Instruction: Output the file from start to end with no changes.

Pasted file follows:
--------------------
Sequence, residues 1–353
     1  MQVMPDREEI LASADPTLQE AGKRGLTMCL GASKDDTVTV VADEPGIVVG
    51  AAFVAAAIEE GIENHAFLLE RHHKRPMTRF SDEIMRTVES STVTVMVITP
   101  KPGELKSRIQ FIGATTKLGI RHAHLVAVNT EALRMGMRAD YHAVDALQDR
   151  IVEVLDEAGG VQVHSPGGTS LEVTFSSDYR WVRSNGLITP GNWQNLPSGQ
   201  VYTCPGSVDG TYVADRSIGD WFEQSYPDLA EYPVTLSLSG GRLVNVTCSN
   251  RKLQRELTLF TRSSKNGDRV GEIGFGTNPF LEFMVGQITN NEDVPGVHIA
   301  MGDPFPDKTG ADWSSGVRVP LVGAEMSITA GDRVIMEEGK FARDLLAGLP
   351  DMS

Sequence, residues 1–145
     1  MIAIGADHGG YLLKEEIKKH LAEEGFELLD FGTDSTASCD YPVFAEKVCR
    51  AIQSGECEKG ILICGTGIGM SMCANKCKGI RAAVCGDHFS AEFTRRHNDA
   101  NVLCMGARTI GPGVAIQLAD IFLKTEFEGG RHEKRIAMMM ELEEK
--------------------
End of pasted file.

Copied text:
Sequence, residues 1–353
     1  MQVMPDREEI LASADPTLQE AGKRGLTMCL GASKDDTVTV VADEPGIVVG
    51  AAFVAAAIEE GIENHAFLLE RHHKRPMTRF SDEIMRTVES STVTVMVITP
   101  KPGELKSRIQ FIGATTKLGI RHAHLVAVNT EALRMGMRAD YHAVDALQDR
   151  IVEVLDEAGG VQVHSPGGTS LEVTFSSDYR WVRSNGLITP GNWQNLPSGQ
   201  VYTCPGSVDG TYVADRSIGD WFEQSYPDLA EYPVTLSLSG GRLVNVTCSN
   251  RKLQRELTLF TRSSKNGDRV GEIGFGTNPF LEFMVGQITN NEDVPGVHIA
   301  MGDPFPDKTG ADWSSGVRVP LVGAEMSITA GDRVIMEEGK FARDLLAGLP
   351  DMS

Sequence, residues 1–145
     1  MIAIGADHGG YLLKEEIKKH LAEEGFELLD FGTDSTASCD YPVFAEKVCR
    51  AIQSGECEKG ILICGTGIGM SMCANKCKGI RAAVCGDHFS AEFTRRHNDA
   101  NVLCMGARTI GPGVAIQLAD IFLKTEFEGG RHEKRIAMMM ELEEK